Case 2: Suppose $\psi$ is $A\land B$. If $M\models \psi$, then $M\models A$ and $M\models B$, by the semantics for $\land$. By induction, $\Gamma\vdash A$ and $\Gamma\vdash B$. By an application of the conjunction introduction rule, $\Gamma\vdash \psi$. Conversely, if $\Gamma\vdash \psi$, then by an applciation of each of the conjunction elimination rules, $\Gamma\vdash A$ and $\Gamma\vdash B$. By induction, $M\models A$ and $M\models B$, so $M\models \psi$, by the semantics for $\land$.

This completes the proof of the claim. Now for each $\theta\in \Gamma$, $\Gamma\vdash \theta$, so $M\models \theta$ by the claim. Thus $M\models \Gamma$. By our assumption that $\Gamma\models \varphi$, $M\models \varphi$. By the claim again, $\Gamma\vdash \varphi$, as was to be shown.

  • 1
    $\begingroup$ Oh that's cool! I think $M$ is also the meet/minimum of all the valuations $N$ such that $N \models \Gamma$. Does that trick work whenever the meet of all the valuations $N \models \Gamma$ exists and also satisfies $\Gamma$? (I'm defining the meet as the elementwise conjunction of valuations.) $\endgroup$ Nov 30, 2021 at 1:31
  • 3
    $\begingroup$ @GregoryNisbet Right! This logic admits, for every theory $\Gamma$, a "minimal" model which satisfies fewer sentences than any other model. If you have a logic that admits minimal models in this sense, completeness theorems are particularly easy, because the minimal model should satisfy exactly the sentences provable from $\Gamma$ and no others. $\endgroup$ Nov 30, 2021 at 1:34

I restrict $A \prec \Gamma$ and $A \prec \phi$ to when $A$ is primitive.

First, note that soundness is fairly trivial.

Thm. If $\Gamma \vdash \phi$ then $\Gamma \models \phi$.

Proof: We simply prove that all four of the rules of deduction used to construct proof trees are sound (that is, they hold when replacing $\Gamma \vdash \phi$ with $\Gamma \models \phi$), then apply induction on proof trees. The four rules are conjunction introduction, the two forms of conjunction elimination, and the rule which states that if $A \in \Gamma$ then $\Gamma \vdash A$. $\square$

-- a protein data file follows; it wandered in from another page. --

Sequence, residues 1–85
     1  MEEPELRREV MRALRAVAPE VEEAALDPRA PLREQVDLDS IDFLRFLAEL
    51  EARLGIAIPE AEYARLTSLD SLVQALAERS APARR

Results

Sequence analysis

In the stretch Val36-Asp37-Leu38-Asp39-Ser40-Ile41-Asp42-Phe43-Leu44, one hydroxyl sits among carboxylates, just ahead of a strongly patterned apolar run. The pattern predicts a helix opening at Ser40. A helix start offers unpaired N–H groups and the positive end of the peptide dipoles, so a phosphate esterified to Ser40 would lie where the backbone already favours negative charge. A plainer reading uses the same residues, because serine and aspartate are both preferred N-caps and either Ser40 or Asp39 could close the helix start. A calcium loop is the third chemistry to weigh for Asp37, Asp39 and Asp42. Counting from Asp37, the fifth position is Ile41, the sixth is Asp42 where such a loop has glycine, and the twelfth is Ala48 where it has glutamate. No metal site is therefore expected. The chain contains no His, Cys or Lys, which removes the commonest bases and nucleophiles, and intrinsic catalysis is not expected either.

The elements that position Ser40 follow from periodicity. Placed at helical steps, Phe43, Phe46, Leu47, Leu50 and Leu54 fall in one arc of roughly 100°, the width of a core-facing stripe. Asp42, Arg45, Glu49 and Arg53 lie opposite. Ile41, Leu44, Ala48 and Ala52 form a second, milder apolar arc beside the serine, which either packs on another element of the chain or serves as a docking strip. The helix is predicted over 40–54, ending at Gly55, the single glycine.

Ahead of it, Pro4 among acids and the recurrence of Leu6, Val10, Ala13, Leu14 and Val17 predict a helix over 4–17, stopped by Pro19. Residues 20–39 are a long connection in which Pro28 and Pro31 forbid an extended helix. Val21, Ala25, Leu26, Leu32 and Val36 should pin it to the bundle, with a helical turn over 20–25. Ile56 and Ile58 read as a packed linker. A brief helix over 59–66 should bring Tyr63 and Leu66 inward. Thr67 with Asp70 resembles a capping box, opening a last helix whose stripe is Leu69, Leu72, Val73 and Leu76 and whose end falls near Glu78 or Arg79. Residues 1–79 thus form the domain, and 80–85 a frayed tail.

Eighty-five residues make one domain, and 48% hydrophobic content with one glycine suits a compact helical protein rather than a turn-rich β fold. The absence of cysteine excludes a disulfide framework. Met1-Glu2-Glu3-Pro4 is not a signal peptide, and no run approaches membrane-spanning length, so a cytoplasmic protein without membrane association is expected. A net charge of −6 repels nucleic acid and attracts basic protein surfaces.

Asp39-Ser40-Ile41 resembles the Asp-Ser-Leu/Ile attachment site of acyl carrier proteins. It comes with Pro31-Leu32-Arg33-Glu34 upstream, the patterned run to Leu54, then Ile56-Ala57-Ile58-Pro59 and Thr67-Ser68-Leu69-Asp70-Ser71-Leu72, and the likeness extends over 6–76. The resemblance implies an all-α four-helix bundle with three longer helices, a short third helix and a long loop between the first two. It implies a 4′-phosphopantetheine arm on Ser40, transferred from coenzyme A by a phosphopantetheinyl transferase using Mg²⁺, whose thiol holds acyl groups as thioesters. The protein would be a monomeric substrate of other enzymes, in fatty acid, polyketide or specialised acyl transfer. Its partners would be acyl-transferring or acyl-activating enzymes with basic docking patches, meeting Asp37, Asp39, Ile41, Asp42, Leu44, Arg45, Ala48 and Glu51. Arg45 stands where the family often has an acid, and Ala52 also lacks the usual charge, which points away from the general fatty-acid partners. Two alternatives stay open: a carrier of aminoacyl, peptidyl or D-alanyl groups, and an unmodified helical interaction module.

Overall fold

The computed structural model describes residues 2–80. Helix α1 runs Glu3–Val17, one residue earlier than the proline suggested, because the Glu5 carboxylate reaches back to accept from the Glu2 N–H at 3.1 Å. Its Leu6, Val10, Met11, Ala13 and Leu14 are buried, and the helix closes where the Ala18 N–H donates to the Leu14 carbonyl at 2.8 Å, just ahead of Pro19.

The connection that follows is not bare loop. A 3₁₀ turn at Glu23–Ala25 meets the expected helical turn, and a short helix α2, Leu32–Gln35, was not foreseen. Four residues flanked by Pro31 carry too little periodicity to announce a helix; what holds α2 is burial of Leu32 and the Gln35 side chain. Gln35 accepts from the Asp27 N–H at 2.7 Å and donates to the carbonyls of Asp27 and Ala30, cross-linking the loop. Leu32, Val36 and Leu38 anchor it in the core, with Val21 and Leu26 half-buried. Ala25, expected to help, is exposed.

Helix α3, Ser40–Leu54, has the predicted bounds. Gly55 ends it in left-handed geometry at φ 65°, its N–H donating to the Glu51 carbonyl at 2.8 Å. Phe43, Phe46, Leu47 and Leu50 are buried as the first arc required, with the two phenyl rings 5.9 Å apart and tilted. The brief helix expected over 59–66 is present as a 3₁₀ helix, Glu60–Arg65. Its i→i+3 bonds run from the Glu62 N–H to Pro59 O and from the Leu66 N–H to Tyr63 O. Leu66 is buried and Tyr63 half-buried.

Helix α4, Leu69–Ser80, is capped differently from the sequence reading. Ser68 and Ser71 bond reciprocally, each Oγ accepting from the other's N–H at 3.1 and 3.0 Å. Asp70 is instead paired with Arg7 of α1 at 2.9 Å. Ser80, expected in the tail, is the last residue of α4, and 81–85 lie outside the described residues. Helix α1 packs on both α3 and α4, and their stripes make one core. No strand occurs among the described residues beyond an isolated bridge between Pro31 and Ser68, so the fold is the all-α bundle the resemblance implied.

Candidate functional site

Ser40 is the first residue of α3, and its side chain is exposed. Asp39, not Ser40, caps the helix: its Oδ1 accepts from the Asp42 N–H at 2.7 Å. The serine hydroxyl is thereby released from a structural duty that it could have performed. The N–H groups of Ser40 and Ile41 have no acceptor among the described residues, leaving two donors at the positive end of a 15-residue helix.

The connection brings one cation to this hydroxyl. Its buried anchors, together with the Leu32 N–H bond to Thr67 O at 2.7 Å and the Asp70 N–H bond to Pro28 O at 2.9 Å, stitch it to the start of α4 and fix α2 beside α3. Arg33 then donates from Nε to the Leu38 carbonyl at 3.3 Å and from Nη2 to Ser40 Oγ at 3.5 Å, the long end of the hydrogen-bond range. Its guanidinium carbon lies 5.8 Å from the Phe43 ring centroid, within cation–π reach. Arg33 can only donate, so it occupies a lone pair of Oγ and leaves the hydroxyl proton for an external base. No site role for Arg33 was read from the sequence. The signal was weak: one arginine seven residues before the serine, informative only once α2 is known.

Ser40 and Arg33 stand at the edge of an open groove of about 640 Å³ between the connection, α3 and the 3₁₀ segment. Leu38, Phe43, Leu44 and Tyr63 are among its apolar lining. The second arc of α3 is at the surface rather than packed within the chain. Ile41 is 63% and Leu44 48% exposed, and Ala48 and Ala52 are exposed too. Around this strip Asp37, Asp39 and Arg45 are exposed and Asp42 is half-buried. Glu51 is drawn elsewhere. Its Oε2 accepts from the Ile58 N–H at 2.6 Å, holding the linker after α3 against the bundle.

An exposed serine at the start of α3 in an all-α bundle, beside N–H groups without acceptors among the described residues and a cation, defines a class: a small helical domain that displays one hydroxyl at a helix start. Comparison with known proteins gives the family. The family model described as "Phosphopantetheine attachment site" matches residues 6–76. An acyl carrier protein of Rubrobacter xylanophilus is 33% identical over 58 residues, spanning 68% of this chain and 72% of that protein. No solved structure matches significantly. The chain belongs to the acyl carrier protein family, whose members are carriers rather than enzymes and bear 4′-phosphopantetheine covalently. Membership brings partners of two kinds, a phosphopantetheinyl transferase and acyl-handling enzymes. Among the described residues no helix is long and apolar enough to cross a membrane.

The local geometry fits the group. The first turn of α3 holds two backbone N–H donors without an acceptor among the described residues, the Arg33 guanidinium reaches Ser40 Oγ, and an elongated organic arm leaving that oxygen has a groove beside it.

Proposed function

The hard bit is proving completeness; that is, proving that if $\Gamma \models \phi$ then $\Gamma \vdash \phi$.

For completeness, we prove

Lemma: Let $M$ be a truth assignment, and let $\phi$ be a formula. Suppose for all $A \prec \phi$ that $M(A) = \top$. Then $M \models \phi$.

Proof: induction on $\phi$. If $\phi$ is primitive, then $M(\phi) = \top$ and thus $M \models \phi$. If $\phi = \psi_1 \land \psi_2$, then for all $A \prec \psi_i$, we have $M(A) = \top$, and therefore by the inductive hypothesis $M \models \psi_i$, so we can conclude by the definition of $\models$ that $M \models \phi$. $\square$

Thm. If $A$ is a primitive proposition and $\Gamma \models A$ then $A \prec \Gamma$.

Proof: define $M(B) = \{x \in \{\emptyset\} \mid B \prec \Gamma\}$. Note that for all $\phi \in \Gamma$, the above lemma shows that $M \models \phi$; therefore, $M \models \Gamma$. Since $\Gamma \models A$, we have that $M(A) = \top$, and therefore $A \prec \Gamma$. $\square$

Thm. Suppose $A$ is primitive and $A \prec \phi$. If $\Gamma \vdash \phi$ then $\Gamma \vdash A$.

Proof: induction on $\phi$. If $\phi$ is primitive, then $A = \phi$ and we're done. If $\phi = \psi_1 \land \psi_2$, take $\psi_i$ such that $A \prec \psi_i$. Then by conjunction intro, $\Gamma \vdash \psi_i$, and thus by the inductive hypothesis, $\Gamma \vdash A$. $\square$

Corollary: If $A \prec \Gamma$ then $\Gamma \vdash A$.

Proof: Take some $\phi \in \Gamma$ such that $A \prec \phi$. Since $\Gamma \vdash \phi$, $\Gamma \vdash A$. $\square$

Completeness Theorem: For all $\phi$, if $\Gamma \models \phi$ then $\Gamma \vdash \phi$.

Proof: induction on $\phi$. If $\phi$ is primitive, then $\phi \prec \Gamma$ and therefore $\Gamma \vdash \phi$. If $\phi$ is of the form $\theta \land \psi$, then $\Gamma \models \theta$ and also $\Gamma \models \psi$, so $\Gamma \vdash \theta$ and also $\Gamma \models \psi$, and by conjunction introduction, $\Gamma \models \phi$.

I started this answer and then forgot to post it before grabbing dinner, but I decided to finish it and post it since it is constructive in the case that the set of primitive variables has decidable equality and $\Gamma$ is finite (unlike Kruckman's proof, which is not constructive even under these circumstances but is nicer in that it is short).